For most of the book, we could be occupying a fantasy-free, simple, isolated, former Soviet dictatorship (Belarus is probably the closest real world parallel, though Wolfe's country is a lot more low tech), with a degree of Kafkaesque bureaucratic nightmare and a not very secret secret police playing a major role in everyday life. As part of Wolfe's exploration of the nature of dictatorship, it's quite easy for the reader to feel sympathetic with the secret police when they are effectively on the side of good, but always with the uncomfortable frisson that this shouldn't be right. However there are also supernatural elements that simply fit in as part of the way life is. Although surprised, no one really changes the way they behave because of them - the supernatural is part of everyday life.
Another Wolfe characteristic you'll find represented strongly here is getting three quarters of the way through the book without being sure what's going on (though the setting is less ambiguous than in There Are Doors) and reaching the end to realise there are plenty of threads that were never tied up and left hanging to jangle your nerve endings. If you like a nice, neat, tied up plot this isn't the book for you.
Without doubt one of Wolfe's more significant novels of the last decade, though not as good as The Sorcerer's House, and a clear indication that he's still got the touch. Arguably it is not the best book with which to start reading Wolfe's fantasy novels (I'd recommend Castleview or Pandora by Holly Hollander) but a strong addition to the canon that is essential reading for any fan.
Why does Grafton not always seem to be completely in control of himself (eg. at one point he fears to fall asleep in case he shoots the woman he's in bed with)? And the language itself is odd. Most of the characters speak German that Grafton has translated into English in a sometimes very literal way (eg. "that would be most good"). And Grafton himself often speaks in a peculiarly old-fashioned, anachronistic way. Knowing Wolfe, this is likely to be significant rather than simply for atmospheric effect. Then there are the spying/conspiracy/religoius/political elements, and the supernatural aspects, of the story. There's a lot going on here and much of it is hidden under the surface. So careful reading and re-reading (and maybe a bit of research to gain a little insight into some of the names of places and people used) will be just as important with The Land Across as it is with all of Wolfe's stories.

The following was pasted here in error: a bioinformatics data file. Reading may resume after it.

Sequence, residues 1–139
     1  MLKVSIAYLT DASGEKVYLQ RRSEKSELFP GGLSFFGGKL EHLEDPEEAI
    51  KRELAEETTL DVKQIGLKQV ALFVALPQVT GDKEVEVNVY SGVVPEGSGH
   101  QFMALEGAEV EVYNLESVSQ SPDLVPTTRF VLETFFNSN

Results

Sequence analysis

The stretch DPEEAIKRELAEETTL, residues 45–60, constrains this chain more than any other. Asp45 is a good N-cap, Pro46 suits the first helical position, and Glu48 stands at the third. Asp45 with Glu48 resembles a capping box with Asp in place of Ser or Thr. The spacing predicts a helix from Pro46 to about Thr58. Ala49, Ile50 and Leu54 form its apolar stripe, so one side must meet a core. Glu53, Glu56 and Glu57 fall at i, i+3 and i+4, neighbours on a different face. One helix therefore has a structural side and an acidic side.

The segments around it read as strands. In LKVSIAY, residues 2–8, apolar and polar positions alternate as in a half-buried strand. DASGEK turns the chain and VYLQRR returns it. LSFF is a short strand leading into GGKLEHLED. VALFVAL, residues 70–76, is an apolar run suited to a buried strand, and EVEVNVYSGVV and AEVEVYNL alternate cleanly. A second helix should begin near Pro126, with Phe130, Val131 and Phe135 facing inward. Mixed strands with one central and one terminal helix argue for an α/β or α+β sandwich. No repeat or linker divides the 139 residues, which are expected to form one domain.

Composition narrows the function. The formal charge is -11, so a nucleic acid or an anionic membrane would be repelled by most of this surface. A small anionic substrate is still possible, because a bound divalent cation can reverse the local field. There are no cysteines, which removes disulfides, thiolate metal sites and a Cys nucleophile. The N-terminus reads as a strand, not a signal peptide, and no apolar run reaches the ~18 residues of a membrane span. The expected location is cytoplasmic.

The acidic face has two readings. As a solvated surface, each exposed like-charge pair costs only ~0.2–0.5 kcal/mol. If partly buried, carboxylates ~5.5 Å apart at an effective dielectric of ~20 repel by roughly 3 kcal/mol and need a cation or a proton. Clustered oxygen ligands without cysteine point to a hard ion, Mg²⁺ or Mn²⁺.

I've seen quite a few reviews of his more recent novels that suggest his work is becoming more straightforward and less mystifying. I'm not so sure. I get the impression he is as tricksy as ever, but maybe better at making his stories more accessible on a first reading. Either way, I thoroughly enjoyed The Land Across on my own first reading, and I'm sure I'll enjoy it even more as I reread it and get deeper into the mysteries. Here be dragons. And certainly vampires...
I will let it rest for a while and then reread it, I am sure I missed a lot of detail in the carpet that Wolfe has woven for us.